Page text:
Figure 3. UMAP plot of high-quality single cells recovered from HIVE devices and droplet method, colored by cell type identity.
Figure 4. Feature plot showing the aggregate expression of granulocyte markers for neutrophils, eosinophils, and basophils – present in HIVE data but almost completely absent in droplet data.
Figure 5. Pie chart showing percent granulocyte recovery between HIVE and droplet methods.

To determine if the granulocyte populations were recovered by the droplet method but filtered out as low-quality cells, the threshold for the droplet dataset was lowered to 50 genes and 100 transcripts. Annotation of this dataset shows recovery of low-quality neutrophil, eosinophil, and basophil populations [Figure 6]. The expression, however, of granulocyte marker genes are barely detectable with the droplet platform in comparison to the HIVE solution, which demonstrates robust expression of the same genes [Figure 7], suggesting that both the quality and biology of these fragile cells are distorted by the droplet method.

In the data generated from the HIVE device, 44% percent of cells recovered from the sample were granulocytes. For the same sample loaded into the droplet platform, granulocytes comprise less than 0.5% of the recovered cells [Figure 5]. These percentages represent a dramatic reduction in the recovery of fragile cells using the droplet method.

Figure 6. Reduced quality threshold for droplet data shows recovery of low quality granulocytes (thresholding = 50 genes, 100 transcripts).
Figure 7. Dotplot showing the expression profile of specific granulocyte marker genes (columns) for each cell type (rows). Standard thresholding for HIVE data (> 400 genes and > 800 transcripts), low thresholding for the droplet-method (> 50 genes and > 100 transcripts).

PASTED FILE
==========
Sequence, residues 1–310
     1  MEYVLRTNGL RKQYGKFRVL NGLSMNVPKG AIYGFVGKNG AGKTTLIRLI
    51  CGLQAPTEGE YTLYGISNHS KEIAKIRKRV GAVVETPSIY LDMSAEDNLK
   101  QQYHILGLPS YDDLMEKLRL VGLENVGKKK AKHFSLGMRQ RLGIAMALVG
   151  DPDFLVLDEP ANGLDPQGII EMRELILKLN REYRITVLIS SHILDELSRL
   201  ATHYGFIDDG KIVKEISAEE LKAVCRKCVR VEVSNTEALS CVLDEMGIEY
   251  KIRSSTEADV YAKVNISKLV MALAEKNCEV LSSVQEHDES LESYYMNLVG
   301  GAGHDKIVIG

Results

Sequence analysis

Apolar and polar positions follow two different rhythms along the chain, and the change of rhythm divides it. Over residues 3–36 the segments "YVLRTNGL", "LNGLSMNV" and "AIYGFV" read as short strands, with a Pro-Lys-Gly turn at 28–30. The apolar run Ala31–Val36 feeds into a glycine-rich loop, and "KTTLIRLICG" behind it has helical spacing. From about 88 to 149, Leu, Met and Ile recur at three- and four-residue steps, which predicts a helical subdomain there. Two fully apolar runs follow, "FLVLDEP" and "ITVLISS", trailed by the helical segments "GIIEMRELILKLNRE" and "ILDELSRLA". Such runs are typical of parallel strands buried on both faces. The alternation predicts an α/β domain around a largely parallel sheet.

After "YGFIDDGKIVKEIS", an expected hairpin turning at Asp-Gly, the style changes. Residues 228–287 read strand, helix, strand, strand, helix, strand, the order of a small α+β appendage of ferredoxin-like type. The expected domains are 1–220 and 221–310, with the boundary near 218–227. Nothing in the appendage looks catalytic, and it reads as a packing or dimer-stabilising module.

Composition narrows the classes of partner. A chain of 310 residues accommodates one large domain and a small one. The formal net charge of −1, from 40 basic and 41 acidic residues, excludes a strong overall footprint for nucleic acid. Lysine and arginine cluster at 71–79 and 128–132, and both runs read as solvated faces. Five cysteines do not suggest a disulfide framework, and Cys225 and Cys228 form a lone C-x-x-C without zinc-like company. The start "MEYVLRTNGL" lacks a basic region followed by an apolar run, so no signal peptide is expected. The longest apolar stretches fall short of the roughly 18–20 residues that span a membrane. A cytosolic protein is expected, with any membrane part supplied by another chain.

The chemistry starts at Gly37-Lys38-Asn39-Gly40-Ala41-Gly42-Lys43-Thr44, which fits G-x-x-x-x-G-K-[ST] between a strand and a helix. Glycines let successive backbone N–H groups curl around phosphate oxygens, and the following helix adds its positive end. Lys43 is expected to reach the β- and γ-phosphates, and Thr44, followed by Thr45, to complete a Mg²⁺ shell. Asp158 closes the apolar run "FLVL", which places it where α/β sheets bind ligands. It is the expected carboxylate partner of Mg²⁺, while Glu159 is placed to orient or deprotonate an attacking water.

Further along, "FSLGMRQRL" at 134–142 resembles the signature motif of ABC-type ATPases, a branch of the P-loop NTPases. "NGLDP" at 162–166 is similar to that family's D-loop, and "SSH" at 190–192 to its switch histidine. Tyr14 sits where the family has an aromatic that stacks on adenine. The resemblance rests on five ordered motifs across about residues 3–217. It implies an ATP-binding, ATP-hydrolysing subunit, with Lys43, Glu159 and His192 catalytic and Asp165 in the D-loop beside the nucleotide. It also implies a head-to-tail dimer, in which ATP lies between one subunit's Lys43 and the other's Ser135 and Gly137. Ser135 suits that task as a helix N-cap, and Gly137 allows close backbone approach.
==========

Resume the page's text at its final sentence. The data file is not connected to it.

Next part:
The results of this comparative study showcase the robust ability of the HIVE™ scRNAseq Solution to recover fragile granulocyte populations. In contrast, based on analysis parameters set, quality granulocytes are not recovered from the droplet method, calling into question whether the complete biology of a sample is being represented in the data. With the HIVE™ scRNAseq Solution, users can be confident in the ability to recover fragile cell types and preserve the biological profile of their samples. In addition, the HIVE™ scRNAseq Solution removes the logistical challenges associated with droplet-based technologies and enables improved experimental flexibility with:

  • Sample storage between capture and processing workflows to promote multi-site and multi-time point studies
  • No specialized equipment required
  • Large sample loading volumes of up to 4 mL
  • Potential to use stronger lysis buffers and customize reagents


  1. Shen F, Li X, Li PC. Study of flow behaviors on single-cell manipulation and shear stress reduction in microfluidic chips using computational fluid dynamics simulations. Biomicrofluidics. 2014;8(1):014109. Published 2014 Feb 21. doi:10.1063/1.4866358

For research use only. Not for use in diagnostic procedures.